THE GEEK GIRL REVOLUTION
geek_fashion

The rise of chic geek fashion

By Lisa Granshaw

Pop culture fashion has existed for decades, but it’s largely been restricted to the men’s department.

Over the last few years, all of that has changed. Many fashion retailers and some brand-new startups responded to women’s call for clothes and accessories made specifically for them.

The result? An explosion of geek fashion for girls and women. Outside of already existing companies adding to their collections, in the last five years alone at least 11 geek fashion companies have been created. One of those, Her Universe, recently revealed that it expects $5 million in sales in 2014. While Her Universe and other companies often decline to share specific profit numbers, this figure, along with the ability of these companies to add employees and grow their offerings, illustrate the expansion underway.

Not only do geek girls now have options when it comes to wearing their passions, they’re taking fan fashion way beyond the stereotypical T-shirt. Here are five of the most interesting and popular geek fashion trends happening right now.

1) Big brands get in on geek girl fashion

There was a time when the best way for geek girls to get their fashion fix was a DIY outfit or independent shops. While big-name companies still have a lot to learn about what they can and should offer to women, the last year has seen an impressive increase in notable brands entering the geek fashion market. Marvel, in particular, launched new fashion collections with two online retailers, the first being popular geek girl-focused brand Her Universe and the second Australia-based company Living Dead Clothing. The comics empire even started a whole Instagram account focused on fashion called Styled By Marvel.

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Living Dead Clothing’s first Marvel collection: Captain America.

“One thing that’s important to note about Marvel is that they are very supportive of their female fans and they’re definitely trying to get the word out and express to the female fanbase that they’re paying attention,” Ashley Eckstein, founder of Her Universe, told me at the time of the Marvel line’s release. “I’m excited to tell fangirls that their voices are being heard and Marvel is trying to offer fangirls even more options and merchandise.”

Studio Ghibli has also stepped up, granting for the first time their official license to U.S. companies to create fashions based on their properties and Transformers. That resulted in a new line with Her Universe. Likewise, Games of Thrones expanded its fashion offerings with a collection by Australian company Black Milk Clothing. Add to that the additional items created for women with themes like Harry Potter and DC Comics, and it’s clear big brands are finally realizing fangirls want full wardrobes—dresses, skirts, etc.—and not just T-shirts. If initial offerings by these major companies prove successful, it’s likely others will jump on board.

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A T-shirt from the first wave of releases in the new Studio Ghibli line.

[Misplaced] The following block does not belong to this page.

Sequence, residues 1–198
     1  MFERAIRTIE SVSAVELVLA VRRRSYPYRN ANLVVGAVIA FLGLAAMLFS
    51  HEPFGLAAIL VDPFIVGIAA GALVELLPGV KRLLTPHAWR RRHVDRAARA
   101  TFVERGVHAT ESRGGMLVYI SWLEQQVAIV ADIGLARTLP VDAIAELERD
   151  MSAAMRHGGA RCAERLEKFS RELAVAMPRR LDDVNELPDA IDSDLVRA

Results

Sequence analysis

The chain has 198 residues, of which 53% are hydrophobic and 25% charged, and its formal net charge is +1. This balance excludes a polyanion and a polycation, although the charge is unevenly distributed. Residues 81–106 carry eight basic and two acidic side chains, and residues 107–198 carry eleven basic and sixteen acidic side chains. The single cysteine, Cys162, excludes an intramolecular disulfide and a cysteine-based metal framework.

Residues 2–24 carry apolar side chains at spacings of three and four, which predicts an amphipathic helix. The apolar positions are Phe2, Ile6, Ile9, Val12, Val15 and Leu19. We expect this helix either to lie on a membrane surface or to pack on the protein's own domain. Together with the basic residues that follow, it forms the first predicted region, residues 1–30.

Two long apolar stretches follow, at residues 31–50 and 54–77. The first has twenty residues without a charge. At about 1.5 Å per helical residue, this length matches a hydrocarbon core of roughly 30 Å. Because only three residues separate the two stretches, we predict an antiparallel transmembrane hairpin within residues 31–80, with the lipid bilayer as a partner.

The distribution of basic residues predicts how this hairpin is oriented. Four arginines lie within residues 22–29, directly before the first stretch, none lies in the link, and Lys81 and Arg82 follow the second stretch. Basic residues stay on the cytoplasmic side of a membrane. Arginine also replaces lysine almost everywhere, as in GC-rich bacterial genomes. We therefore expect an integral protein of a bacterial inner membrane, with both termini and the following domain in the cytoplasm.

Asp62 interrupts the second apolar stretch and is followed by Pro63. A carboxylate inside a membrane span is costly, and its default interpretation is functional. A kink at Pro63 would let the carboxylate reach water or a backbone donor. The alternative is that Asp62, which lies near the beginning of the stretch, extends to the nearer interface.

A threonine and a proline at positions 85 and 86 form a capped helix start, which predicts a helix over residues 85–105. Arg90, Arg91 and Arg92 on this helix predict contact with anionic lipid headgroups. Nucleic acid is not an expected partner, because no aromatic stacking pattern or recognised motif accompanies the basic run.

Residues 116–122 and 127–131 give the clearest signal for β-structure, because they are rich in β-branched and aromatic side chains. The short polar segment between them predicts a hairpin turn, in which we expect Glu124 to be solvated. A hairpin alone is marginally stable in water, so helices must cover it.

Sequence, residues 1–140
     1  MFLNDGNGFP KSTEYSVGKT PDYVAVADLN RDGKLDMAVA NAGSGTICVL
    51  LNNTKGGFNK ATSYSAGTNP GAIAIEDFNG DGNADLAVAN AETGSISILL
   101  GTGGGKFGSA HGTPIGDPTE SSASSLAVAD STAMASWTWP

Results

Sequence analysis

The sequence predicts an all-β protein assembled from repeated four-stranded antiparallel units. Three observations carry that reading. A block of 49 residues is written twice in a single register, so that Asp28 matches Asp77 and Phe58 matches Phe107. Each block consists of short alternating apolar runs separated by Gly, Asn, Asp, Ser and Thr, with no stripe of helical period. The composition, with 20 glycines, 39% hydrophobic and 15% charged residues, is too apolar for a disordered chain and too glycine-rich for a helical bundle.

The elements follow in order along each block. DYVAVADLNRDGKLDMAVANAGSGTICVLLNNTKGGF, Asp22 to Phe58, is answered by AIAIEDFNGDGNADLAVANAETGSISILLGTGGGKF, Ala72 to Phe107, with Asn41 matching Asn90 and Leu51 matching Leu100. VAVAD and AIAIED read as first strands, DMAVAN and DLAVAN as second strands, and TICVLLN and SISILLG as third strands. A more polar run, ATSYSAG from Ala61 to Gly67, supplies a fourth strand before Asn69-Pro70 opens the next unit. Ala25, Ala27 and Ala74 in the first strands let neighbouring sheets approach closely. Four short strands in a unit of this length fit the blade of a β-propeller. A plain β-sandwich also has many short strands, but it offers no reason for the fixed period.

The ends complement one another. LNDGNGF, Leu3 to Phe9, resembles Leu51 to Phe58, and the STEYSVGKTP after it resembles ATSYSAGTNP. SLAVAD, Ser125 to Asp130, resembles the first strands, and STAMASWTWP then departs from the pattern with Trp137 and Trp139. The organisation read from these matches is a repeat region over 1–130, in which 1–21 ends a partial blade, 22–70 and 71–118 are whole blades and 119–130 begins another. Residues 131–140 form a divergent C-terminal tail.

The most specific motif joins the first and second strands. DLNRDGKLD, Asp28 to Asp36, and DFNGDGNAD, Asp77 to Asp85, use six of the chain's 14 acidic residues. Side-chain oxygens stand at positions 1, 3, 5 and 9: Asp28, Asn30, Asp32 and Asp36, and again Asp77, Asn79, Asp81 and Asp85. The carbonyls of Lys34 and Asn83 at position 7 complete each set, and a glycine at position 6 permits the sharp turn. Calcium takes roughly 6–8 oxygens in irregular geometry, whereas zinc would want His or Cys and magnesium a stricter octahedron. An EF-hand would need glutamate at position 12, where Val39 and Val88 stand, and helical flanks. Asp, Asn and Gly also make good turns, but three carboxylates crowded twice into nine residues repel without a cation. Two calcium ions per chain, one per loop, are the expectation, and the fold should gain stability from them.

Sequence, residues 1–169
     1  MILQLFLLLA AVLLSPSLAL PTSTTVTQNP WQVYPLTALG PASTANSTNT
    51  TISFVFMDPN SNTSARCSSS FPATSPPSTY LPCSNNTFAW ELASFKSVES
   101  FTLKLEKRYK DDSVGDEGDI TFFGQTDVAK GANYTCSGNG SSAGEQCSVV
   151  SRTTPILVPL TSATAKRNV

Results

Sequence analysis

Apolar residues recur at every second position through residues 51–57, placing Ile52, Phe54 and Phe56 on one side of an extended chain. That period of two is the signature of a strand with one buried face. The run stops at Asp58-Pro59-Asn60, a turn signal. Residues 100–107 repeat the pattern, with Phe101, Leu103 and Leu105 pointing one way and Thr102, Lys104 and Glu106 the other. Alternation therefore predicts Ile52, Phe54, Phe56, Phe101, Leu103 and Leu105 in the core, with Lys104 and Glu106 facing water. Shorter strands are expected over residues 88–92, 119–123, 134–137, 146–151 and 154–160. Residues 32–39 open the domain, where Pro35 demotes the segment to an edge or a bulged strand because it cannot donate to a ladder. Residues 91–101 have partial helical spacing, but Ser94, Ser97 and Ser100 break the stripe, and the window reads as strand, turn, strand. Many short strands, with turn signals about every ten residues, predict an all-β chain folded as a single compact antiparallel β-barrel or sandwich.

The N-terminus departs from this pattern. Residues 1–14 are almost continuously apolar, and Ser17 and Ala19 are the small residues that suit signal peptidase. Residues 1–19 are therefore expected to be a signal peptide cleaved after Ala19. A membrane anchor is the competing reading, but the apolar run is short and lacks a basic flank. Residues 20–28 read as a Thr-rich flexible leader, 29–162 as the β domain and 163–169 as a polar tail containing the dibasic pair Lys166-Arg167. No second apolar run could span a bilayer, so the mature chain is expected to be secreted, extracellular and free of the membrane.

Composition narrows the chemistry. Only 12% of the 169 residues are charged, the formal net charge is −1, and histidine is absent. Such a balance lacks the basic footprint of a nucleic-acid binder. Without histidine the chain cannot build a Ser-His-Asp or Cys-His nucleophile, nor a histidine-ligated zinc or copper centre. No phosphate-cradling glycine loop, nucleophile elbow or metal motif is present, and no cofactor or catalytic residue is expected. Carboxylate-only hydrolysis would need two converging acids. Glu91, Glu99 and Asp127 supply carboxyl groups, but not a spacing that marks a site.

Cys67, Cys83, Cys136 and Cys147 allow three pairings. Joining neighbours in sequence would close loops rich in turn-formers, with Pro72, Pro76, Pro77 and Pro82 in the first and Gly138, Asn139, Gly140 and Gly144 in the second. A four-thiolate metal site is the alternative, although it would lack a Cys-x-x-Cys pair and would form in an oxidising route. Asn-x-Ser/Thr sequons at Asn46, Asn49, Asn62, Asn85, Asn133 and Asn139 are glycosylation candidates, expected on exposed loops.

2) Runway geek couture

That disturbance in the Force felt round the world in February when high-end designer Rodarte debuted Star Wars gowns on the runway at New York Fashion Week continued to be felt throughout the year. It wasn’t just Star Wars that got designer treatment in the high-end fashion world. The sheer amount of geeky, pop culture-inspired designs we saw walk the runways this year was shocking and spectacular.

Not only did Rodarte take inspiration from Star Wars, but shortly after we saw Preen’s Darth Vader designs walk the runway at London Fashion Week. These looks continued to have an impact months later, being worn by major celebrities and paving the way for the first fashion publication to be granted access to Skywalker Ranch. Add to these Star Wars designs the appearance of Barbie and Shrek fashions on the runways and it’s clear pop culture couture is on the rise.

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Rodarte’s Star Wars Yoda dress photographed at the Skywalker Ranch.

Huge designers weren’t the only ones getting geek couture on the runway either. Her Universe announced at Los Angeles Fashion Week that the first-ever geek couture fashion show would happen at San Diego Comic-Con. Thirty-six designers showed off their fashions inspired by everything from comic books to TV shows. The two winners of the show were awarded the chance to design their own collections with Her Universe for Hot Topic.

“Part of geek couture is celebrating what you like, instead of fashion dictating what you should be and wear,” Andrew MacLaine, the show’s Audience Choice winner, told me earlier this year. “At the root geek couture, it’s about ‘I like what I like, even if other people don’t understand it. … I want to be who I want to be.’ That’s what fashion should be.”

Considering the popularity of the show and the appearance of geek couture on fashion runways around the world, it’s clear this trend is only just beginning to explode.

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This Once Upon A Time-inspired design won the Audience Choice award at the San Diego Comic-Con fashion show.

3) Subtle geek fashion

Gone are the days when the geek fashion world was full of images taken directly taken from properties (think the classic Superman symbol slapped on a blue T-shirt). Now an increasing number of geek fashions are drawing more subtle inspiration—and they’re doing so outside the confines of Etsy. These are items you can wear to the office or a party and not feel like you’re screaming your geekiness to the world. Instead, the images, if used at all, are displayed in a stylish way, a wink to your favorite character or franchise that only fellow fans will likely recognize.